For sports journalists, or anyone who likes a good story, Lance Armstrong and Manti Te’o seemed like gifts from the narrative gods.
Armstrong was the tenacious Texan who overcame cancer and took the sport of cycling by storm. For Americans who had never paid attention to the Tour de France, he made it mainstream by beating the Europeans at their own game and claiming a record seven titles, becoming a Nike-fueled icon along the way.
Though steroid rumors surrounded Armstrong for much of his career, including allegations from former teammates, it was easier (and more romantic) for sportswriters to embrace the legend and believe his rebuttals than actually expose the truth.
Now that Armstrong is backpedaling, his heroic stature lies in ruins. So do all those breathless media tales about how hard work and a positive attitude were enough to take him to the height of competitive cycling against all odds.
The story surrounding Manti Te’o was equally inspirational, helping transform him from a standout Notre Dame linebacker to a serious Heisman hopeful and a darling of America media. His tale of finding greatness through grief was the sort of human saga that writers crave, editors demand and readers relish.
Of course, no one bothered to confirm that it was actually true.
We were told that Te’o lost his grandmother and girlfriend over a span of 24 harrowing hours in September, with his girlfriend (a Stanford student named Lennay Kekua) surviving a near-fatal car accident but succumbing to leukemia after a prolonged hospital stay.
The Notre Dame linebacker did numerous interviews in which he told of helping Lennay get to sleep every night by talking to her over the phone, and how his performance in a key victory over Michigan State was a tribute to his lost loved ones and what they had meant to his life.
In the blink of an eye Wednesday, just minutes after the website Deadspin posted a story exposing the real truth, Te’o’s inspirational story denigrated into one of the most tangled and notorious deceits in sports history.
As it turned out, his girlfriend was a product of cyberspace, an elaborate hoax involving social media and willing accomplices to somehow maintain the narrative that was popping up in major publications and media outlets across the country.
It seems implausible that Te’o was among those duped, since he spoke of knowing his girlfriend’s family, and his father provided reporters with background on their relationship. Did he get caught up in something and not know how to let go, or was he willingly using the press all along to further his agenda and enhance his image?
A better question is this: How the hell did this happen? How did this many reporters fall short, failing to check on the validity of Te’o’s claims and find out more about this mysterious woman who briefly entered his life and made such a mark?
As someone who has written plenty of profiles that involved weighty issues such as love and death, I can you that it’s tempting to believe in stirring storylines. You find yourself wondering why someone would lie about such things and embracing that initial version of events.
Typically, though, you seek to broaden the narrative by seeking more sources, adding depth and color to the story along the way, and that’s usually where inconsistencies start to show.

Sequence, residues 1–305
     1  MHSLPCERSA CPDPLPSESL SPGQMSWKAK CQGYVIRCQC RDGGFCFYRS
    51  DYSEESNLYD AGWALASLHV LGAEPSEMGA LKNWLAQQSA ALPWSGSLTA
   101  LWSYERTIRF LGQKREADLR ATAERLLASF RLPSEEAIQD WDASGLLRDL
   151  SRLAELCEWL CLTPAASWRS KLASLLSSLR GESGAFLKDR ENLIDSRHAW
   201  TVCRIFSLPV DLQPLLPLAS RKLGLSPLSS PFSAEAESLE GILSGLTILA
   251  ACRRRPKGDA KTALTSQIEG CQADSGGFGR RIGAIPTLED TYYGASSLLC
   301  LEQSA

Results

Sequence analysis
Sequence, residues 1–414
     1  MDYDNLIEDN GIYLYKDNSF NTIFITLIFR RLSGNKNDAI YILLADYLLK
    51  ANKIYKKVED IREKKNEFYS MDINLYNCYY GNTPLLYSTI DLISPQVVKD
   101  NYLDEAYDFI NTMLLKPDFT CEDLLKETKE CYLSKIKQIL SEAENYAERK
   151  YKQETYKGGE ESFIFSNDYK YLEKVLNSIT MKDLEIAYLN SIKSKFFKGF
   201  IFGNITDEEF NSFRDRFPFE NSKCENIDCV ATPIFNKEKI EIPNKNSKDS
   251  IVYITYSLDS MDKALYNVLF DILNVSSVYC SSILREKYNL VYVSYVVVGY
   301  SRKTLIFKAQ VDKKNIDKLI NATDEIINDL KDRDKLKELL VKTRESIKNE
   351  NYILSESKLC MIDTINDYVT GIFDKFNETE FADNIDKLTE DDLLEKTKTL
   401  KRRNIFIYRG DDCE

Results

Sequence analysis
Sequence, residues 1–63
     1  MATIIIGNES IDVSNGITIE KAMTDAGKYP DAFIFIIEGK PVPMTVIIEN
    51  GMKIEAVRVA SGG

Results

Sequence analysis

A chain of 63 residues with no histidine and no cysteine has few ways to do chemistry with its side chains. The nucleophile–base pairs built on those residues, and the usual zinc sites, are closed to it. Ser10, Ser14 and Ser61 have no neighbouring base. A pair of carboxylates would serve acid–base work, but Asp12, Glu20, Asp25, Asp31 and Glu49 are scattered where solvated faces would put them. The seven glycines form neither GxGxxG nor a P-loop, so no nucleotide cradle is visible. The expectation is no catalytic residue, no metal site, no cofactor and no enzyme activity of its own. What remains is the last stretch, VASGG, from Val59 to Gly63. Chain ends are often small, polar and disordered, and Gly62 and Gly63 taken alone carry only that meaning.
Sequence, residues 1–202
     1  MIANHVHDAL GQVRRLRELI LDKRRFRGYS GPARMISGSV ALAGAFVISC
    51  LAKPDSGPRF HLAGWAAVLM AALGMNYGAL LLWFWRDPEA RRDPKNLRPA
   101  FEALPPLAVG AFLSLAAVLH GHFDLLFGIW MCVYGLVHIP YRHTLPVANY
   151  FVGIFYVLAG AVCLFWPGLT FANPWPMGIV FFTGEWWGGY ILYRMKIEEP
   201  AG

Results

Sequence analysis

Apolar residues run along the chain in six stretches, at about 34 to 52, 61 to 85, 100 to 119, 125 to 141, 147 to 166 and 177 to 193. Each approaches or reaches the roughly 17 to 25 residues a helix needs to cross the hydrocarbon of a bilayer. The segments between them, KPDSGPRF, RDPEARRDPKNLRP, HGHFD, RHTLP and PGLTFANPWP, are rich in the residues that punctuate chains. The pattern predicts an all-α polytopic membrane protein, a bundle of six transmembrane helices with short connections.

When reporters went to Te’o’s father and he not only backed up the story of the dead girlfriend but added texture to the relationship, one can see how any skepticism gave way to full-steam-ahead storytelling.
Perhaps the biggest journalistic culprit in this whole mess is Pete Thamel, a former New York Times college football writer who now works for Sports Illustrated. It was his cover profile of Te’o in late September that brought national scope to the story, and many subsequent articles fed off that narrative and helped fuel the deception.
To write a major national profile and not further explore the girlfriend’s background (which would have made it clear that she didn’t have any) is an egregious journalistic error that Thamel is certainly paying for as we speak.
But there were numerous opportunities for media outlets to find out more about this woman, and nobody did until Deadspin exposed the lies. Does this signal a declining age in journalism, in which less staffing and resources combined with the need for more immediacy leads to sacrifices in standards?
Perhaps it does, but the stories and myth-making behind Lance Armstrong and Manti Te’o arose from unique circumstances.
Armstrong was quick to point out how he had never failed a drug test (which was a lie), threatening to sue those who claimed otherwise. Sorting through the twisted web of steroid use in the world of cycling for actual facts could be intimidating, so most reporters chose to let Lance control the story.
Inexcusable, yes, but not difficult to understand.
As for Te’o, his shocking story brings fresh light to the tracking of fake online personas and how people can be duped. The very notion that a Heisman Trophy candidate and top NFL prospect would wax poetically about a dead girlfriend who never existed (whether he knew it or not) shows how the digital age and its social tentacles have changed the way we live.
Most of all, though, I think we as journalists or sports fans or human beings want to believe stories like these. We want to feel that there are real heroes in our midst who feel profound pain but rise above their struggles to inspire us.
Such people do still exist, but we sometimes must look beyond the obvious places (sports, politics, entertainment) to find them. And, sadly enough, we need to look at their sagas and successes with a more cynical eye, being ever-vigilant in a heartless age that we don’t get fooled again.